Here are 10 broad steps to define Measurement Uncertainty, let’s discuss them one by one briefly.
You can also Download our One Page Excel Calculation format for simplifying Calculations.
- Knowledge of Metrology
- The clarity in the Measurement Process
- Identify Uncertainty Components
- Clarity of Type A/B Uncertainty
- Standard Uncertainty Calculation
- Uncertainty Distribution
- Combined Uncertainty Calculation
- Degree of Freedom Calculation
- Decide the k value
- Final Expanded Uncertainty
1. Knowledge of Metrology
Before starting Uncertainty measurement, anyone should know the basic concept of Metrology & Terminologies Used in Measurement.
To know more about the Engineering Metrology, Join this online Course ‘Engineering Metrology & 3D Measurement‘
2. Clarity in Measurement Process
Clarity means you should know the measurement method.
How measurement is complete?
What instruments require to complete measurement?
Those are the basic questions you should know.
3. Identify Uncertainty Components
The best way to define Uncertainty Components is by the SWIPE method.
- S: Standard= All Uncertainty components related to Standard like Uncertainty, Accuracy
- W: Work piece= All Uncertainty components related to workpiece like the least count
- I: Instrument= All Uncertainty components related to Equipment/Instruments like Uncertainty, Accuracy
- P: Person or Process= Mostly covered in Type A Uncertainty, You can also consider least count here
- E: Environment Factors= Some of the common components are Soaking difference, Difference in thermal coefficient of expansion of material between Devices under Calibration & Master Equipment used, Overall Temperature Measurement system uncertainty in the lab, etc.
4. Clarity of Type A/B Uncertainty
According to the Vocabulary in Metrology (VIM), Type A Uncertainty is the “evaluation of a component of measurement uncertainty by a statistical analysis of measured quantity values obtained under defined measurement conditions.”
We simply Analysis Type A Uncertainty by Repeating the Measurement on the same point & condition.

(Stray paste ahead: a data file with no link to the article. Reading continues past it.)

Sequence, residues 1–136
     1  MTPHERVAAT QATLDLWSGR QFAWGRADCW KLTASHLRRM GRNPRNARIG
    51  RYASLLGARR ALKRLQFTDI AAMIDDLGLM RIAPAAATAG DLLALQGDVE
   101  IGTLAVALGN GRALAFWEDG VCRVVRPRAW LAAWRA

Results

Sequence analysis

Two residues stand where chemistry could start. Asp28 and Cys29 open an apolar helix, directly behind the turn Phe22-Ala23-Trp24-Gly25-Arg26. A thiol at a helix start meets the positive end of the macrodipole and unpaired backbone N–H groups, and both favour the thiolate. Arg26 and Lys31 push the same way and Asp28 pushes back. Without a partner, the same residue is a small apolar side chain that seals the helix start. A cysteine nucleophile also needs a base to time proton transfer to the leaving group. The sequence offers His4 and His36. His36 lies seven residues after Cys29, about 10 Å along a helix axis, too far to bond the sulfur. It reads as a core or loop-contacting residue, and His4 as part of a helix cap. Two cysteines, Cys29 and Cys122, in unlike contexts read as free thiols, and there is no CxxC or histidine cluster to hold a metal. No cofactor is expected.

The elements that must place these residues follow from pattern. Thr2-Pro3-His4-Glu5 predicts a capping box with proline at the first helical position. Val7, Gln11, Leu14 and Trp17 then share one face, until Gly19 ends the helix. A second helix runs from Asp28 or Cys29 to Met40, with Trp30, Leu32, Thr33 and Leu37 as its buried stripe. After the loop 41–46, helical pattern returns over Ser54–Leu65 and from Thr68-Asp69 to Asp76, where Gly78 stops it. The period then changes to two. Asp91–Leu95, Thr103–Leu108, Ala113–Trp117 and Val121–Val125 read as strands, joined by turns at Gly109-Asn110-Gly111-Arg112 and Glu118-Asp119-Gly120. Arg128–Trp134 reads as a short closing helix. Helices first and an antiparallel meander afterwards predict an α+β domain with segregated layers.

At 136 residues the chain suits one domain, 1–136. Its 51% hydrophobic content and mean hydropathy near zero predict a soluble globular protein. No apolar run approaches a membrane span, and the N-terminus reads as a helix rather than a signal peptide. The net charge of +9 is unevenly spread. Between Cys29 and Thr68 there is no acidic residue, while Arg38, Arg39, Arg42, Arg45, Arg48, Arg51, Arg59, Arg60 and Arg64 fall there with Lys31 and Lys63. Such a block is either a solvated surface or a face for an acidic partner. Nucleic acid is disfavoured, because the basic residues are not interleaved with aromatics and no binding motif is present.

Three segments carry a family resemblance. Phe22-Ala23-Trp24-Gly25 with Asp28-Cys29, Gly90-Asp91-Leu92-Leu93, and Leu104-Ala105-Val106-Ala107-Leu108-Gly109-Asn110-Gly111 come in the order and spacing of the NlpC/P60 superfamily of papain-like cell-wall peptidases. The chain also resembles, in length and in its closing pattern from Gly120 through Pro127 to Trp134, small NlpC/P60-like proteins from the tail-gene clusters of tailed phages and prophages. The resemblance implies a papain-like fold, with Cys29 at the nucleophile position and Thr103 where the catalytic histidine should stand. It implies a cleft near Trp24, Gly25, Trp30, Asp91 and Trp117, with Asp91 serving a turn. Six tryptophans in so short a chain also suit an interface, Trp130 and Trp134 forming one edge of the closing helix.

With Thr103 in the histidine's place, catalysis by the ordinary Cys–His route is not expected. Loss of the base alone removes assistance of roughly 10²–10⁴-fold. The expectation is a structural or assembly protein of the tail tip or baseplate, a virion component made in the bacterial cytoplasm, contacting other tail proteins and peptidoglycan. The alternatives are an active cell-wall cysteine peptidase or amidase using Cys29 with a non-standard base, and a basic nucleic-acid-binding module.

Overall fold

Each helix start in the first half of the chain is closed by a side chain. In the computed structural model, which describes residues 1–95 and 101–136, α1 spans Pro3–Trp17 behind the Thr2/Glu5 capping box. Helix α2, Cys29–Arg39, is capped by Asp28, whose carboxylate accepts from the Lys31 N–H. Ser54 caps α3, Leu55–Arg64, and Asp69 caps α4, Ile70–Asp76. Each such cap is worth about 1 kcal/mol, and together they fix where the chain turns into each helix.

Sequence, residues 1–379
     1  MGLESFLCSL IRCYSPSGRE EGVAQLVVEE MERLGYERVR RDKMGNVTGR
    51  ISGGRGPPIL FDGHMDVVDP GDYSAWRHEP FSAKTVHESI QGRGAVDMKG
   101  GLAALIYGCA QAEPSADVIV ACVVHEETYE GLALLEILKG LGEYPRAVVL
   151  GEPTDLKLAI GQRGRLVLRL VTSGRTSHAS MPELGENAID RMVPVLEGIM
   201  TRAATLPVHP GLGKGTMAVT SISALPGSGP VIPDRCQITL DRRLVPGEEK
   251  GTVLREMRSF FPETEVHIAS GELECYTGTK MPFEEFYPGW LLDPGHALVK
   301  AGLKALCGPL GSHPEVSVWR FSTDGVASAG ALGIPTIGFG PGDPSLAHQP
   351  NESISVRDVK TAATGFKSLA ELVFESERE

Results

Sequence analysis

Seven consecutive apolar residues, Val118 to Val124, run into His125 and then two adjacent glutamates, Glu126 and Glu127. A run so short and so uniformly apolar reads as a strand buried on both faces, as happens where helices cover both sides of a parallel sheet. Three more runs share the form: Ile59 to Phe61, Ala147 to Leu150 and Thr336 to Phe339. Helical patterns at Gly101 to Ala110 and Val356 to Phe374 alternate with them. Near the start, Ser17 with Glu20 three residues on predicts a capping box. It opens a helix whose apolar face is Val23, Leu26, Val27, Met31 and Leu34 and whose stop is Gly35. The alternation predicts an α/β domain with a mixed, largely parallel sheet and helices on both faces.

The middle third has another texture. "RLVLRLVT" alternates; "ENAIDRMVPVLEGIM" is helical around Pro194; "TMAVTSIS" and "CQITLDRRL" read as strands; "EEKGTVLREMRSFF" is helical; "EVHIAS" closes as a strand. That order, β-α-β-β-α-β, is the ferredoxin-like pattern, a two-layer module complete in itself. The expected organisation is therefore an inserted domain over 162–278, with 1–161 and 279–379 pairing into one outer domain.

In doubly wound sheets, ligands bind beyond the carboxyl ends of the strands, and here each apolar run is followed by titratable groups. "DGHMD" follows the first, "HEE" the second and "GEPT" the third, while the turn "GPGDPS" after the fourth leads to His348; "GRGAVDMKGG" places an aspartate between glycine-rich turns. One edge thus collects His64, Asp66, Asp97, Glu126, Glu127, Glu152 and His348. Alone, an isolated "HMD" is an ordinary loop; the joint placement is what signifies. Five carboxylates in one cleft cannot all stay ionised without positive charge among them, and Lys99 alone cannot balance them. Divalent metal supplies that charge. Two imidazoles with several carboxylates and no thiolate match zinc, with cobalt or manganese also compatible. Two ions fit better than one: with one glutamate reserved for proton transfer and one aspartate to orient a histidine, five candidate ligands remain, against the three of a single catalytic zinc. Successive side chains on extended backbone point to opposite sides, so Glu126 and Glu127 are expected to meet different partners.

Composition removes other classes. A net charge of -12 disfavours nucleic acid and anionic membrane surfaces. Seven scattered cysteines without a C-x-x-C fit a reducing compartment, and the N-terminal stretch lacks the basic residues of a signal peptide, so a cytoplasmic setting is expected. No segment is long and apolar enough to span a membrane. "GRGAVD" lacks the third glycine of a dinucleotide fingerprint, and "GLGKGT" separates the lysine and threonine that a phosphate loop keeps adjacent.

According to the Vocabulary in Metrology (VIM), Type B Uncertainty is the “evaluation of a component of measurement uncertainty determined by means other than a Type A evaluation of measurement uncertainty.”
Most of the type B uncertainty data come from as we discussed in the SWIPE concept.
5. Standard Uncertainty Calculation
Standard measurement uncertainty (SD) is divided by the absolute value of the measured quantity value.
CV = SD/x or SD/mean value.
6. Probability Uncertainty Distribution
Probability Distribution shows the relationship between the outcome of an event and its frequency of occurrence.
In Mechanical measurement, two types of distribution are commonly used
7. Combined Uncertainty Calculation
Combine Type A & Type B uncertainty components in the Uncertainty Budget.
Check the Uncertainty Budget Calculation in our Uncertainty Calculation format.
8. Degree of freedom
Degrees of freedom refer to the maximum number of logically independent values, which are values that have the freedom to vary, in the uncertainty Components.
9. Decide the k value
The coverage factor, or ‘k’ value, determines the confidence in the data points within a certain standard deviation value.
For k=1, there is a confidence that 68% of data points lie within one standard deviation, while k=2 means confidence that 95% of the data points would lie within two standard deviations.
For more information, check our online course “Basics of Uncertainty Measurement“
10. Final Expanded Uncertainty
Expanded uncertainty is the last calculation when estimating uncertainty in measurement.
Check out the full calculation from instrument information to Expanded Uncertainty in our Uncertainty Measurement Excel sheet.